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Working with Input and Output in Java


This article, the first of three parts, will teach you how the programs you create in Java can interact with different storage devices using a communications system called streams. It is excerpted from chapter 15 of the book Sams Teach Yourself Java 2 in 21 days, written by Roger Cadenhead and Laura Lemay (Sams, ISBN: 0672326280).

Author Info:
By: Sams Publishing
Rating: 4 stars4 stars4 stars4 stars4 stars / 12
April 13, 2006
TABLE OF CONTENTS:
  1. · Working with Input and Output in Java
  2. · Using a Stream
  3. · Handling Exceptions
  4. · File Input Streams
  5. · File Output Streams

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Working with Input and Output in Java
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Day 15: Working with Input and Output

Many of the programs you create with Java need to interact with some kind of data source. Information can be stored on a computer in many ways, including files on a hard drive or CD-ROM, pages on a Web site, and even the computer's memory.

You might expect to need a different technique to handle each different storage device. Fortunately, that isn't the case.

In Java, information can be stored and retrieved using a communications system called streams, which are implemented in the java.io package.

Today you learn how to create input streams to read information and output streams to store information. You'll work with each of the following:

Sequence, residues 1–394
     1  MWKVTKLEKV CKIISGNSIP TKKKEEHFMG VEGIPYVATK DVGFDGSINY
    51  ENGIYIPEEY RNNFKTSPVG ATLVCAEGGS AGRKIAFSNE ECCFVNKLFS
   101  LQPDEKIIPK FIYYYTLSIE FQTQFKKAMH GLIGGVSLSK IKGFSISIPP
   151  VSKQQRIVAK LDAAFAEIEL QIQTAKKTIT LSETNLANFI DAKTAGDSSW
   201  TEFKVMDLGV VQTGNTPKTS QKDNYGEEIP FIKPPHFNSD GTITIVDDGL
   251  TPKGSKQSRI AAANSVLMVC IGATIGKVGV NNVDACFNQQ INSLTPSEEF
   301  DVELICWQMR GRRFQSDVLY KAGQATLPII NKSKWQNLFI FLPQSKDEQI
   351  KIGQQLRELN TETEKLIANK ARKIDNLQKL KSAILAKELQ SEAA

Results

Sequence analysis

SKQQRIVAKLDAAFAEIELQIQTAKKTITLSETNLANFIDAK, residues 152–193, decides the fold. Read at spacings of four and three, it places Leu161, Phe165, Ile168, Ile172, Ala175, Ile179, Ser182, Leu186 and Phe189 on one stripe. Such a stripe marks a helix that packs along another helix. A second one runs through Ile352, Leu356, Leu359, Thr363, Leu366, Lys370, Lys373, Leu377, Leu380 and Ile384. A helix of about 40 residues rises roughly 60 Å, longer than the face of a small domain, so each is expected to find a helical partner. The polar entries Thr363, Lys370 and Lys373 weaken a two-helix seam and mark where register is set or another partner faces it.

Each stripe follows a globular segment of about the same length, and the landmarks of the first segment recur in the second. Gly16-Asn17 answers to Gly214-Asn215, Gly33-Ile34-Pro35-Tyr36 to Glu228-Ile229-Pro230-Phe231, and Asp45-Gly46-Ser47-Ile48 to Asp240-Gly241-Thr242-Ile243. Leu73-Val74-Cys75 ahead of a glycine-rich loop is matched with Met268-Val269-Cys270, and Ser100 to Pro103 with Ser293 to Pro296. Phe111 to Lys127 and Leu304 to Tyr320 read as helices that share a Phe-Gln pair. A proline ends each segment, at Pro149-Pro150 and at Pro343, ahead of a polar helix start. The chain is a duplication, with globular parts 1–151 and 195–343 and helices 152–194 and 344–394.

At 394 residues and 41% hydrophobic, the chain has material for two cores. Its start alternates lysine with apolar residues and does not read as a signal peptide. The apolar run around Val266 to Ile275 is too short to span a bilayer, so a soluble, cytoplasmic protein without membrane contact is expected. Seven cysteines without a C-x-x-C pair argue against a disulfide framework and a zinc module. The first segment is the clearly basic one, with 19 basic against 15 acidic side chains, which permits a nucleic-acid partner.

• Byte streams, which are used to handle bytes, integers, and other simple data types

  • Character streams, which handle text files and other text sources

You can deal with all data the same way when you know how to work with an input stream, whether the information is coming from a disk, the Internet, or even another program. The same holds for using output streams to transmit data.


Note - Additional techniques for input and output programming are offered in the java.nio package. Because this package is most useful in network programming, it will be discussed during Day 17, "Communicating Across the Internet."


Introduction to Streams

In Java all data are written and read using streams. Streams, like the bodies of water that share the same name, carry something from one place to another.

A stream is a path traveled by data in a program. An input stream sends data from a source into a program, and an output stream sends data from a program to a destination.

You will deal with two types of streams today: byte streams and character streams. Byte streams carry integers with values that range from 0 to 255. A diverse assortment of data can be expressed in byte format, including numerical data, executable programs, Internet communications, and bytecode—the class files run by a Java virtual machine.

In fact, every kind of data imaginable can be expressed using either individual bytes or a series of bytes combined with each other.

Character streams are a specialized type of byte stream that handles only textual data. They're distinguished from byte streams because Java's character set supports Unicode, a standard that includes many more characters than could be expressed easily using bytes.

Any kind of data that involves text should use character streams, including text files, Web pages, and other common types of text.


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